We have shown previously that a bispecific antibody (BsAb) directed against both germ-cell alkaline phosphatase (GCAP) and the CD3 complex on mouse T cells could effectively eliminate GCAP-positive tumor cells in vivo using an immunocompetent mouse model. However, some GCAP-negative tumor cells were still able to grow, suggesting that BsAb therapy, when used in a clinical setting, could benefit from targeting several tumor markers to prevent outgrowth of tumor cells lacking a targeted marker. To test this hypothesis, we developed an in vitro model based on primary human ovarian carcinoma (OC) cultures and BsAbs directed against human T cells and several tumor markers [placental alkaline phosphatase (PLAP), GCAP, folate-binding protein (FBP) and CA19.9]. OC cells, isolated from primary tumors, were co-cultured with human peripheral blood mononuclear cells in the presence or absence of various concentrations of BsAbs against PLAP/GCAP, FBP and CA19.9 administered separately or in combination. Results derived from 18 primary OC samples showed that the combination treatment was better than or equally effective as the best single BsAB treatment in 60% of cases. Sometimes targeting FBP, PLAP/GCAP or CA19.9 alone was superior to targeting all simultaneously. Combining each BsAb with a low dose of IL-2 was always beneficial. These results indicate that before using a specific BsAb in the clinic, it is important to determine the optimal BsAb for each patient using this in vitro assay on cells from the removed tumor mass.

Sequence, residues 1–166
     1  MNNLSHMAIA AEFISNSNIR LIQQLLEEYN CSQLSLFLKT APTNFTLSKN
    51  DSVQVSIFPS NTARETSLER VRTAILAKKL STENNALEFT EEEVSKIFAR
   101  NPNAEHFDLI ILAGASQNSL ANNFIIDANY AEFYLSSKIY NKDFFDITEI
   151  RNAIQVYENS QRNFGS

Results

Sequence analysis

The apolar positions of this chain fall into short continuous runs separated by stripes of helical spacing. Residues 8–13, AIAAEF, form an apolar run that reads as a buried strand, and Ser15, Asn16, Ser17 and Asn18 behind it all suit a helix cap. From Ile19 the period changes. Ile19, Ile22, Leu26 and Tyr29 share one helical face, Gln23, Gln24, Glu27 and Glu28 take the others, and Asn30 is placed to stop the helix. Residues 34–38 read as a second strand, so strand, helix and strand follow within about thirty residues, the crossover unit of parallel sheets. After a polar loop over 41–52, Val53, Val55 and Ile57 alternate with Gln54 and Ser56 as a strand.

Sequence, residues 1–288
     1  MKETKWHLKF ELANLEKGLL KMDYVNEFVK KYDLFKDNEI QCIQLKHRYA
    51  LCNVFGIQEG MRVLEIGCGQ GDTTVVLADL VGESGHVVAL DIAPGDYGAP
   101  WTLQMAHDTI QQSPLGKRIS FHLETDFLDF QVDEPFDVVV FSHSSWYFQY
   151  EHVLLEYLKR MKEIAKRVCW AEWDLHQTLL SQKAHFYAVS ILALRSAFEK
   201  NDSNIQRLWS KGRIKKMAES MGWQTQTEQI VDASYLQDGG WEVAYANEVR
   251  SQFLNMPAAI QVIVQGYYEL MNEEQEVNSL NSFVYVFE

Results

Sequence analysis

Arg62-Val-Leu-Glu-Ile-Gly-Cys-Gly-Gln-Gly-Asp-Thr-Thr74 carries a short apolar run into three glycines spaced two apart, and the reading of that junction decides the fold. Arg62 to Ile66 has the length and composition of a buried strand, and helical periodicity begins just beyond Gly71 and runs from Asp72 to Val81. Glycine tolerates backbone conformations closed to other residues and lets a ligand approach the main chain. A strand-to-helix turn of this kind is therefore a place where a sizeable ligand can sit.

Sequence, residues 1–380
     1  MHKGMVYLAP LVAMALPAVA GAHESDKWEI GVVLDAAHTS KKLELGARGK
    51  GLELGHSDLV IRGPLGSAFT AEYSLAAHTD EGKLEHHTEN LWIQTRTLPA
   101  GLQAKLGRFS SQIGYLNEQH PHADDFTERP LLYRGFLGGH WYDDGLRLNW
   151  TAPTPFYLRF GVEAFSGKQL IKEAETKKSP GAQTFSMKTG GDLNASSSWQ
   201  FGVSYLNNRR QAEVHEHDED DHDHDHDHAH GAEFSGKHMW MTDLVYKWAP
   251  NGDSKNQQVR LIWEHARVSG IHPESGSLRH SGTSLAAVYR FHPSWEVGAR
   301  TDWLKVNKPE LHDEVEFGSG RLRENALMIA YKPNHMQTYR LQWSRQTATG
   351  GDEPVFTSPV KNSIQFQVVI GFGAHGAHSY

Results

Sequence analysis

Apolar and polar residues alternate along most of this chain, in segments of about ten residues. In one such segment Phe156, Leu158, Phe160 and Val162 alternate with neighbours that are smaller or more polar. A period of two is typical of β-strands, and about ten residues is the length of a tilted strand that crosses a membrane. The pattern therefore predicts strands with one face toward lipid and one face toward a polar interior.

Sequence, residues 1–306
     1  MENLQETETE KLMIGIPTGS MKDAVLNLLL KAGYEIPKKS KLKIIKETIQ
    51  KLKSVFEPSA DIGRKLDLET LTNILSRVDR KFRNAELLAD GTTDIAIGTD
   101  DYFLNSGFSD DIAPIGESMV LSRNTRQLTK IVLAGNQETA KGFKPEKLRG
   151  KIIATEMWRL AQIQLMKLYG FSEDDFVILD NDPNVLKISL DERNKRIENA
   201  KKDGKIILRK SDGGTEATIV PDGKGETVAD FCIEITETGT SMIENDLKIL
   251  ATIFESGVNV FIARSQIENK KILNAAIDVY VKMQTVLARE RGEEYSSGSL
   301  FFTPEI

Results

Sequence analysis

Identifiers
urn:nbn:se:umu:diva-44795 (URN)10.1002/(SICI)1097-0215(19991008) (DOI)10471538 (PubMedID)
Available from: 2011-06-10 Created: 2011-06-10 Last updated: 2017-12-11Bibliographically approved
3. Low sex steroid environment affects survival and steroid secretion of ovarian tumour cells in primary cultures
Open this publication in new window or tab >>Low sex steroid environment affects survival and steroid secretion of ovarian tumour cells in primary cultures
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2002 (English)In: International Journal of Oncology, ISSN 1019-6439, Vol. 20, no 3, 589-594 p.Article in journal (Refereed) Published
Abstract [en]